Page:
FLOWERING: The four-sided, golden spike of overlapping bracts known as a zebra plant bears flowers. The zebra plant’s lovely bracts are there for a month or two while the yellow flowers are only present for a few days. Remove the entire spike of a Zebra Plant once the bract’s vivid yellow color has faded.
PESTS: Whiteflies, Mealy Bugs, Aphids, scale, and spider mites could all pose a problem for a zebra plant, despite their relative pest resistance. The green solution can be used to cure all of these houseplant pests, but you should avoid spraying flowers on zebra plants.
DISEASES: Fungal Leaf Spot Plant Disease is made more likely by the Zebra Plant’s preference for high humidity. To avoid Leaf Spot Disease, try to maintain dry leaves and promote good air circulation around zebra plants.
A fast-draining, highly organic potting soil, like an African Violet mix, is ideal for zebra plants.
What is required of a zebra plant?
Bright, filtered light is ideal for your zebra plant. It can tolerate a few hours of direct morning sunlight, but it should stay out of the sun for long periods of time, especially in the afternoon, as this might scorch the leaves. Low light conditions are inhospitable to zebra plants.
When the top 25 percent of the soil is dry, water your zebra plant. To avoid root rot, moisten the saucer completely and make sure to drain any extra water. Water should not be sprayed directly on the leaves because this can promote crown rot by funneling down the stems.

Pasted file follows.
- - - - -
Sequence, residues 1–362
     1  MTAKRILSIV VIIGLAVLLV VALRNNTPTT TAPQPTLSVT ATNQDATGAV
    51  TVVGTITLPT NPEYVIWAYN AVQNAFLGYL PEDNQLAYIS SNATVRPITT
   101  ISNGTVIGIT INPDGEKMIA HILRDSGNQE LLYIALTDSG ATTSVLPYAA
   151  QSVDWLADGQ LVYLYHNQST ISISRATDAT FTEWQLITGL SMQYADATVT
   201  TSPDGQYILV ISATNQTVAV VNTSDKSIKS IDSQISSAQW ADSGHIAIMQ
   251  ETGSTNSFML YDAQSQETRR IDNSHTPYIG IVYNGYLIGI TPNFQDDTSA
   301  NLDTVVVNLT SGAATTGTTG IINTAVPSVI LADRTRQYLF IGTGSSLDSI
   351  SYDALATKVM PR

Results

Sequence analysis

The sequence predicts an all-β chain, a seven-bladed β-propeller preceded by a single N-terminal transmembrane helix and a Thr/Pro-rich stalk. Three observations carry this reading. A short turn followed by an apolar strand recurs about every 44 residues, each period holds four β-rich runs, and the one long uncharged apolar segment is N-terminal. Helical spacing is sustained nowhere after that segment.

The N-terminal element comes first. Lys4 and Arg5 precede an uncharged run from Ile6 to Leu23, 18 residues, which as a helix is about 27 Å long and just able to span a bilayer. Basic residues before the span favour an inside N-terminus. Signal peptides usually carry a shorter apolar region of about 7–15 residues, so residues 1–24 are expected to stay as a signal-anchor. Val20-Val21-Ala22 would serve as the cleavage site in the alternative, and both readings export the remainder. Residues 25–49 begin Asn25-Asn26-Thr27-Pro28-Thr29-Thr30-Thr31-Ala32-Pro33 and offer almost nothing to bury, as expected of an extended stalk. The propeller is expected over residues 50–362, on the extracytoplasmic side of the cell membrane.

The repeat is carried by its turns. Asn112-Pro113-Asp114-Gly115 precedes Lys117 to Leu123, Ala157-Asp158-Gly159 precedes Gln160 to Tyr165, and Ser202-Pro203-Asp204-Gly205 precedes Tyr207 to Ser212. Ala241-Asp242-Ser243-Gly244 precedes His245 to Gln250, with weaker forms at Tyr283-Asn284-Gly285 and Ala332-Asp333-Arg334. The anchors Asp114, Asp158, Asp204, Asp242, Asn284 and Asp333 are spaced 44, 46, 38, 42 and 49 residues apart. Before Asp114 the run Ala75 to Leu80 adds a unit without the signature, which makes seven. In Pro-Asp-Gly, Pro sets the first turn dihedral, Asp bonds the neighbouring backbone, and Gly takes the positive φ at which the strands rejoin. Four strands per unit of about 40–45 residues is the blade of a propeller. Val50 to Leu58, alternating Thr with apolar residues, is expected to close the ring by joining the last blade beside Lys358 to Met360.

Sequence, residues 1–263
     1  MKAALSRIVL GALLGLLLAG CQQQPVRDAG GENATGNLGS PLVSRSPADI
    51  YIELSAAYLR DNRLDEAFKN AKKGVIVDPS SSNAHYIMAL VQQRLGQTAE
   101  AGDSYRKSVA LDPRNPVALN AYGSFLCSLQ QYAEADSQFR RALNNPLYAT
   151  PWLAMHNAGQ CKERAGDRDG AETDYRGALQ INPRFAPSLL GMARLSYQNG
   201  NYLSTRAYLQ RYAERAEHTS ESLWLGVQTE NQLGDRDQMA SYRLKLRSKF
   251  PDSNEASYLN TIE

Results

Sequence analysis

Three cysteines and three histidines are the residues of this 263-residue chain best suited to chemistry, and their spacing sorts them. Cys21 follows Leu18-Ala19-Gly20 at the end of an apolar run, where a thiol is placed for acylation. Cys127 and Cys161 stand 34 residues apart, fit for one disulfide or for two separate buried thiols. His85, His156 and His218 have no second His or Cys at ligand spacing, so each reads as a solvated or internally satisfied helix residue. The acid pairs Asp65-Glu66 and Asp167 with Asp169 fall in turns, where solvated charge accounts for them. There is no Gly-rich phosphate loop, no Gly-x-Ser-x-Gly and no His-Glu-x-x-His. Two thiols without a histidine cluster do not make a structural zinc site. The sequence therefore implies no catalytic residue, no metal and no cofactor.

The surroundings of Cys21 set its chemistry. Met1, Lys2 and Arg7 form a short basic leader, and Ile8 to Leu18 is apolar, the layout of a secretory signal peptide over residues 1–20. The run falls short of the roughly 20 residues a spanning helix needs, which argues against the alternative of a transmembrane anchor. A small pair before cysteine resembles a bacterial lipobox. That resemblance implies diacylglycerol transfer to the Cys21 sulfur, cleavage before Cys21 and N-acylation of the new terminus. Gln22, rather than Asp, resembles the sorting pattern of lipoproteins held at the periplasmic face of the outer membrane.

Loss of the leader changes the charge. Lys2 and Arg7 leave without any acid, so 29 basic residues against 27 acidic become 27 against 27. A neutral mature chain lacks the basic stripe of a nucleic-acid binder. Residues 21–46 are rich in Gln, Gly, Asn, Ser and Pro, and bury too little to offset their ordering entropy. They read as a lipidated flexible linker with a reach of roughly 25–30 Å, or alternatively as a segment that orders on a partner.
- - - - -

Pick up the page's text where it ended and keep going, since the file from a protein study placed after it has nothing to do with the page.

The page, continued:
Your zebra plant needs between 60 and 70 percent humidity to thrive. The plant won’t survive in conditions with low humidity because the leaf margins will turn brown and new leaves might not form properly. To increase humidity, group plants together to create a humid microclimate, put a humidifier nearby, or use a pebble tray. Away from air vents, which could be drying to the plant. Perhaps a sizable humidity dome with a vent would be useful.
For optimum growth, your zebra plant prefers temps of 65°F and above. Steer clear of chilly drafts and abrupt temperature swings.
During the spring and summer, apply a liquid houseplant fertilizer once every one to two weeks, diluted to half the recommended concentration for optimal results. In order to properly feed your plant, never add fertilizer to dry soil. Instead, wait until the soil is humid.
Although the zebra plant is thought to be non-toxic, we advise using gloves when handling it because the sap might irritate delicate skin.
Your zebra plant might generate numerous flower spikes if the correct circumstances are present. The stunning, vivid yellow flowers, which can last for up to six weeks on the plant, are actually bracts, a form of modified leaf structure. Simply trim the stem as close to the plant’s root as you can when the bracts begin to turn brown. After flowering, your plant will enter a resting phase during which it will consume less water. Until you notice new leaf growth, you should also stop fertilizing during this resting period.